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Replies to accumulation of GFP in plant nucleus

Tue Apr 29 13:58:55 EST 1997

On April 14th I posted the following questions:
>    I am attempting to use sGFP to visually select transgenic barley. 
>I am concerned that the accumulation of the GFP in the nucleus will 
>be detrimental to the development of transgenic plants.  Has anyone 
>observed reduced transformation efficiency in plants when using GFP 
>or reduced fertility in any of the transgenic plants generated?  
>Furthermore, has anyone found that modified GFP, to exclude it from 
>the nucleus, increases the transformation efficiency?

From:             David Galbraith <dgalbrai at ag.Arizona.EDU>

We have expressed GFP transgenically targeted to the nucleus in tobacco and
have seen no evidence of toxicity.  Plants have not gone to the next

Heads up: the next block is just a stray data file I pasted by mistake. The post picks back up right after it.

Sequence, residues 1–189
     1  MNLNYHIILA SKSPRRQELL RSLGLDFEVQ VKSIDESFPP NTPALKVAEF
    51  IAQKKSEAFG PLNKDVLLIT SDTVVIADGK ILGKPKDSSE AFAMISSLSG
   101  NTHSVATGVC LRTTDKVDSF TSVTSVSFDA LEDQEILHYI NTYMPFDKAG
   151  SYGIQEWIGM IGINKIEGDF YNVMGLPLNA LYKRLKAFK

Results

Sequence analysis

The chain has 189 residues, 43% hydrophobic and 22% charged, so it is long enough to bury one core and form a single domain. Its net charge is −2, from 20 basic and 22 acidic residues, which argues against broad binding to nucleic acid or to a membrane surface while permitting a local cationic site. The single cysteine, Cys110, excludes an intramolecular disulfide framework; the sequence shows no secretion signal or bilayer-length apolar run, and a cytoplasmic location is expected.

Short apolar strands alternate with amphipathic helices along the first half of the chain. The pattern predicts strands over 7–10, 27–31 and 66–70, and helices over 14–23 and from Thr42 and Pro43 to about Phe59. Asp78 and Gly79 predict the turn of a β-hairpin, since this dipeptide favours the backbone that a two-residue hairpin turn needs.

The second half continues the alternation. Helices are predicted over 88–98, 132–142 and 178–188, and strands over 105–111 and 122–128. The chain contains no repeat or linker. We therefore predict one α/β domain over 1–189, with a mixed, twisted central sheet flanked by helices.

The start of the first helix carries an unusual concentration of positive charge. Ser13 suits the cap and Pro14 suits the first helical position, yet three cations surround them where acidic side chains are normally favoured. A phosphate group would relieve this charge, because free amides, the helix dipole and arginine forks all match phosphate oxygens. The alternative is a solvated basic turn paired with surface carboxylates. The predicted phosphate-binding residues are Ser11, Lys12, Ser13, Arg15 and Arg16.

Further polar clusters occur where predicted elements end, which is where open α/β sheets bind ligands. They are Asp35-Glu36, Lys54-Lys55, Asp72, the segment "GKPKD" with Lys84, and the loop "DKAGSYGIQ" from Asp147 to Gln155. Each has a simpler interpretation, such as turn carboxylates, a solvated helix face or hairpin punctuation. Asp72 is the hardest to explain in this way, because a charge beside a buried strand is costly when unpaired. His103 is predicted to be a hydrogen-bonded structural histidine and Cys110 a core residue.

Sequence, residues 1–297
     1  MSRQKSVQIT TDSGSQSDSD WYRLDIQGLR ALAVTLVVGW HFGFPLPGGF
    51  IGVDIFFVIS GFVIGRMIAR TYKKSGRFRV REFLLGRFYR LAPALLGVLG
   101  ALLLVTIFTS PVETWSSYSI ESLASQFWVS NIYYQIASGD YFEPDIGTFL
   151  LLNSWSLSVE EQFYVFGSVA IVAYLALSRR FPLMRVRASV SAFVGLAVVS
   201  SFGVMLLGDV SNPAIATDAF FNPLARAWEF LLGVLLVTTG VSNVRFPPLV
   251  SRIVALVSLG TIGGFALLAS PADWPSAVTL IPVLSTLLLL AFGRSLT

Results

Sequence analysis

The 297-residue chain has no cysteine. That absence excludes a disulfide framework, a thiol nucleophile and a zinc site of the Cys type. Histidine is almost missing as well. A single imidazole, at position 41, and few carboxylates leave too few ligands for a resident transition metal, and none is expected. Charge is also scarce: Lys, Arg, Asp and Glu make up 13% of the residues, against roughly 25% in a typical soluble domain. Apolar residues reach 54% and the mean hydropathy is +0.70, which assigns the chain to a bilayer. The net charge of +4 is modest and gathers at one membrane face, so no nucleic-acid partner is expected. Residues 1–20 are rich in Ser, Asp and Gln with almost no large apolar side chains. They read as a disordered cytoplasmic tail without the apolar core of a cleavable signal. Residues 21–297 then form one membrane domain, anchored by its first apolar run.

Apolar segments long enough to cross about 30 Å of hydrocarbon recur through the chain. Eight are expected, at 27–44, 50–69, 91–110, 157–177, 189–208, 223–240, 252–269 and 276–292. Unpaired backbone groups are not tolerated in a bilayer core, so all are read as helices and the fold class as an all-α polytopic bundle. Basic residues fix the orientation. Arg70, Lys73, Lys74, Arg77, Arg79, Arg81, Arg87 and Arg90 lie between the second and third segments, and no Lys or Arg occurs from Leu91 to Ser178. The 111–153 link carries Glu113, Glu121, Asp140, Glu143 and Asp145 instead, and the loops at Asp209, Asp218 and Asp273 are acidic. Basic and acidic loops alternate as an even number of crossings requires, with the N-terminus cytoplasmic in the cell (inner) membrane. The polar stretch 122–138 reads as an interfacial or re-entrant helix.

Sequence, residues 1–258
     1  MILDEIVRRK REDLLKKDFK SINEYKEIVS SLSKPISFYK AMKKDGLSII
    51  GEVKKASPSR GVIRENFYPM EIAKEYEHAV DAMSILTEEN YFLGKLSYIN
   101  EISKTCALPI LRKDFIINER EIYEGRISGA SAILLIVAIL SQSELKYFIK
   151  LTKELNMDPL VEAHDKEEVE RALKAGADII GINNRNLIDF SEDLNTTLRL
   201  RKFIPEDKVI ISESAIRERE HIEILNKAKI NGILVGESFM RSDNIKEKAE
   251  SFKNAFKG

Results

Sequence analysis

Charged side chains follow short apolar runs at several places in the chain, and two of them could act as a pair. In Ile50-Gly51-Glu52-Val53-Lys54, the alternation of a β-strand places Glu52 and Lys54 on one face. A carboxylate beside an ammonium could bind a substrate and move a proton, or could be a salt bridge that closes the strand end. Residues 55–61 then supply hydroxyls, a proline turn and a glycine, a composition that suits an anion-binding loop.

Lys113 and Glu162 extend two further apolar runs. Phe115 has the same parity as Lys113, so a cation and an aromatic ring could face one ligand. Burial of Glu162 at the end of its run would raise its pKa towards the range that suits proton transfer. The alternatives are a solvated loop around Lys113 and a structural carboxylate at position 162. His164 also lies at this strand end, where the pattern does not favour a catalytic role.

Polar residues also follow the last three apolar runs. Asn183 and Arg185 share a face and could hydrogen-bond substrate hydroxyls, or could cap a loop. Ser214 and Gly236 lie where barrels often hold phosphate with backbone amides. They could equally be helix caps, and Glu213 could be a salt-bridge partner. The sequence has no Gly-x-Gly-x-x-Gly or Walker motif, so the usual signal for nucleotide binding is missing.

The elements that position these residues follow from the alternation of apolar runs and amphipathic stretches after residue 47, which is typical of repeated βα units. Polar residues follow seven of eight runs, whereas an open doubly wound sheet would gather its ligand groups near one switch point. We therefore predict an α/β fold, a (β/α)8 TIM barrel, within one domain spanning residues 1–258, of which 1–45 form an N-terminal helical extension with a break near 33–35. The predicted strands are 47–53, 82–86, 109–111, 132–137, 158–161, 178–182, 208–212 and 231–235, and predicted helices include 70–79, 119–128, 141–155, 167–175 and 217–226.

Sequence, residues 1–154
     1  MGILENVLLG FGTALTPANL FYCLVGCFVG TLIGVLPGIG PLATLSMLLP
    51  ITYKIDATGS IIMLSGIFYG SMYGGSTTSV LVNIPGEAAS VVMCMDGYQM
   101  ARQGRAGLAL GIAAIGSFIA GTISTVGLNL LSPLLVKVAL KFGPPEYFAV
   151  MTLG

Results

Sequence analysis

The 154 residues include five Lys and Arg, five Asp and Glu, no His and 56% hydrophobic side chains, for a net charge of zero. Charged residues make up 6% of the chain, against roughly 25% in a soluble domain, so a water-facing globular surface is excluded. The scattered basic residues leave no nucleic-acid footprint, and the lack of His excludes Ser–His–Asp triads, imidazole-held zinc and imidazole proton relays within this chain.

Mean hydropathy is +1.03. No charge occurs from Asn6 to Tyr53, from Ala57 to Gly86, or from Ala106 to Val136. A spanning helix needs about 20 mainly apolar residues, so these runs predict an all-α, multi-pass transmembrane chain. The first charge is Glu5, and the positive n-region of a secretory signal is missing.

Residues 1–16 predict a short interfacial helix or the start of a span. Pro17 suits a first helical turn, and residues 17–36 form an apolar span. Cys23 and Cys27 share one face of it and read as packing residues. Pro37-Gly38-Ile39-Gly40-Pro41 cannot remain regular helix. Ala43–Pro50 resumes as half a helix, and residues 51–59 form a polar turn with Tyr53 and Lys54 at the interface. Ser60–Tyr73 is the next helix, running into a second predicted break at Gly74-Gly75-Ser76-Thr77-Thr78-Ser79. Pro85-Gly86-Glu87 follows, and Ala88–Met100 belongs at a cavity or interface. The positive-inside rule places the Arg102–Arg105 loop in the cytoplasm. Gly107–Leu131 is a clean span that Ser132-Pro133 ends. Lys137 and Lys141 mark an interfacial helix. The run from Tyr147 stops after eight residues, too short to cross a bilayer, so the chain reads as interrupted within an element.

generation yet.

From:             sjdavis1 at students.wisc.edu (Seth J. Davis)

WT GFP is toxic, and interferes with transformation efficiency.  Modified
GFPs (smGFP or mGFP5) appear to be less toxic in regenerating plants.
mGFP5, which is ER localized (not in the nucleus) might reduce the toxic
effects of GFP.  This last point is not clear; is making GFP soluble or is
localizing GFP to the ER increasing transformation efficiency?  This has
not been tested.

From:             krs1 at mrc-lmb.cam.ac.uk (Kirby Siemering)

We found it necessary to remove GFP from the nucleus by localising it to
the ER in order to successfully regenerate bright and healthy Arabidopsis
plants. See Haseloff et al PNAS 1997 (94) 2122-2127 and
for details.

Thanks for the replies,
Alvar Carlson
University of Guelph

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